The UK’s Pensions and Lifetime Savings Association (PLSA) has released its four-year work plan, and consolidation is among the main themes the trade group will focus on.
In the outline for its plan, the PLSA said that because larger pension plans tend to have higher quality and performance, it welcomes the current trend toward consolidation. It said it is playing a major role in the development of defined benefit superfunds, and estimates they could increase security for 11 million members. However, the PLSA also said that scale should not be pursued as an end to itself as smaller plans can also deliver some or all of the same benefits as large ones.
In addition to consolidation, the PLSA is focusing on three other major themes: well-run plans, effective engagement, and adequate contributions.
The focus on well-run plans will cover cost transparency, value-for-money, sound investments, and stewardship. Specific work areas include the Cost Transparency Initiative, which is a partnership among the PLSA, the Investment Association, and the Local Government Pension Scheme (LGPS) Advisory Board to implement industry standards to improve transparency in investment costs and charges.
Work in the area of effective engagement will include developing quantifiable saving targets to help the industry communicate people’s likely lifestyle in retirement and help them understand the impact of savings decisions. The PLSA is also helping develop the Pensions Dashboard and Simpler Annual Statements to help people understand their savings.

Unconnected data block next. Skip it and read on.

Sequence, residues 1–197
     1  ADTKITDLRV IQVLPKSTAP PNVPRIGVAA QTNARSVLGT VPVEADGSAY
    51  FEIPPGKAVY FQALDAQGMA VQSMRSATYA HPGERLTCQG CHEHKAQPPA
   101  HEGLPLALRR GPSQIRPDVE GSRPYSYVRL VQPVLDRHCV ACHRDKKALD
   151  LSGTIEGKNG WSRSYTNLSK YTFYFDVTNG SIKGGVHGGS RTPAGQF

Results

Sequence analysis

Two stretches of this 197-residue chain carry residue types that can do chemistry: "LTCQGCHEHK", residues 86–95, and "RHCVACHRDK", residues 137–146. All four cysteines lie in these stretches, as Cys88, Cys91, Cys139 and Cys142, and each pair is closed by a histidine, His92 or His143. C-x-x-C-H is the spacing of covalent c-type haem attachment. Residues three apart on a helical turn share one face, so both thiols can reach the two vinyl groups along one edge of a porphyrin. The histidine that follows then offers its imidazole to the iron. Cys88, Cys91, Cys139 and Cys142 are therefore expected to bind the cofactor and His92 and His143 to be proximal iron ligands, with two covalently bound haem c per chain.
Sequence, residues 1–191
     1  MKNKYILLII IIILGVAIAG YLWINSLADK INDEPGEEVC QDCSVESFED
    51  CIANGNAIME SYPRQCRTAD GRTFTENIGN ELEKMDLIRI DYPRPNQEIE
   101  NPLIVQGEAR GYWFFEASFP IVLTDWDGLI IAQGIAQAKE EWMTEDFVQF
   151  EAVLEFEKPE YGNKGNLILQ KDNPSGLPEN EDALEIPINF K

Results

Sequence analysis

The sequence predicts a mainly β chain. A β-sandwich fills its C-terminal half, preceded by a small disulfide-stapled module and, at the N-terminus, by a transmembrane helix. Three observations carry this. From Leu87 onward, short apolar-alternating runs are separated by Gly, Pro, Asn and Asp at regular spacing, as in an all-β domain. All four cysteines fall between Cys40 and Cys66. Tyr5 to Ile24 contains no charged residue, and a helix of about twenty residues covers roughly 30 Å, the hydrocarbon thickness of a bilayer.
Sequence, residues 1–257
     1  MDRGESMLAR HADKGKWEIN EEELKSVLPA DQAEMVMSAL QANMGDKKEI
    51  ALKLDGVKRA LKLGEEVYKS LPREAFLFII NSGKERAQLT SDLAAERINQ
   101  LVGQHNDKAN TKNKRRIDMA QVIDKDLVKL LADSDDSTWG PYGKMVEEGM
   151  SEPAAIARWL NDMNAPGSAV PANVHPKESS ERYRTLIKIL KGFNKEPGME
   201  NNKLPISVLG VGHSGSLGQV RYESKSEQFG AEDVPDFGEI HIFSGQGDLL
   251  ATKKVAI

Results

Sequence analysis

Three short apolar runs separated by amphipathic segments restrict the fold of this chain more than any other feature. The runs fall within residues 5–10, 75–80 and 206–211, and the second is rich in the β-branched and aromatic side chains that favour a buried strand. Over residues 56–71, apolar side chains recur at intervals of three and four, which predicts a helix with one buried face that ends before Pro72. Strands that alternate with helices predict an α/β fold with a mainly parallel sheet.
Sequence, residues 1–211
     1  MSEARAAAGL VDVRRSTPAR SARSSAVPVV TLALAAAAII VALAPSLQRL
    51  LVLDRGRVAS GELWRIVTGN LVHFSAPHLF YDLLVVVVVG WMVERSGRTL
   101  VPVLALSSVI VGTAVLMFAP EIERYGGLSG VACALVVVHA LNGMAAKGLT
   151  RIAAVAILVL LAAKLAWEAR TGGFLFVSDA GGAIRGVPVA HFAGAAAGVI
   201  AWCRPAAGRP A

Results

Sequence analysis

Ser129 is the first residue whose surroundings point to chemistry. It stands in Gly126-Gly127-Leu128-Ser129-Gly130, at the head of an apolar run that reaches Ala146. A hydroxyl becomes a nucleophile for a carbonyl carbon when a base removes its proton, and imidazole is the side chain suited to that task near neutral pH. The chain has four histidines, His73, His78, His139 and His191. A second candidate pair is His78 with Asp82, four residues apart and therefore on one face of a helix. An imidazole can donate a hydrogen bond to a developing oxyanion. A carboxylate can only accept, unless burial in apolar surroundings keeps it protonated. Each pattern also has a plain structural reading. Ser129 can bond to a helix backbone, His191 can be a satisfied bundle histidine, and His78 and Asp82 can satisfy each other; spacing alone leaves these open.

And in its focus on adequacy, the PLSA’s aim is to increase auto-enrollment contributions to 12% by 2030, while taking into account the affordability of higher contributions and widening the scope of automatic enrollment. It will also introduce the new Pension Quality Mark Standards, which will reward well-run plans that offer 12% contributions.
“The defined benefit funding regime will be another specific focus of the PLSA over the next four years,” the association said. “2019 is set to be a particularly important year for DB funds with Parliament debating a new Pensions Bill which will give greater powers to The Pensions Regulator.”
The four-year plan was put together by the PLSA’s Policy Board, which was formed in October to help the association guide and decide on public policy positions. The board has formed four new subcommittees of eight to 10 members each to help implement the work program.
The four committees represent the defined benefit, defined contribution, local authority, and master trust segments of the industry. They will inform the PLSA’s consultation responses, sit on industry working groups, and support the PLSA in representing policy positions to government, regulators, and stakeholders. They will also provide advice to the Policy Board on certain policy matters as requested by the Policy Board.